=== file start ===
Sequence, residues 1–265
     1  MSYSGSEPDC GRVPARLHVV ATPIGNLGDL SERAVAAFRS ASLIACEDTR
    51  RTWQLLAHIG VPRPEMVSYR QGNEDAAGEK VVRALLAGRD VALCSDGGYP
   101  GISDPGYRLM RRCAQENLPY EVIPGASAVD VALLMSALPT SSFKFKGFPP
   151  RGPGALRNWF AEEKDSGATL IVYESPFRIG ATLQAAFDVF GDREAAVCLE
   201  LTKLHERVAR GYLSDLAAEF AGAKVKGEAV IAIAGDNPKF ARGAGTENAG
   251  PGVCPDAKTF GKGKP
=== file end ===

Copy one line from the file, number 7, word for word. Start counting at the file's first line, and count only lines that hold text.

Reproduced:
   251  PGVCPDAKTF GKGKP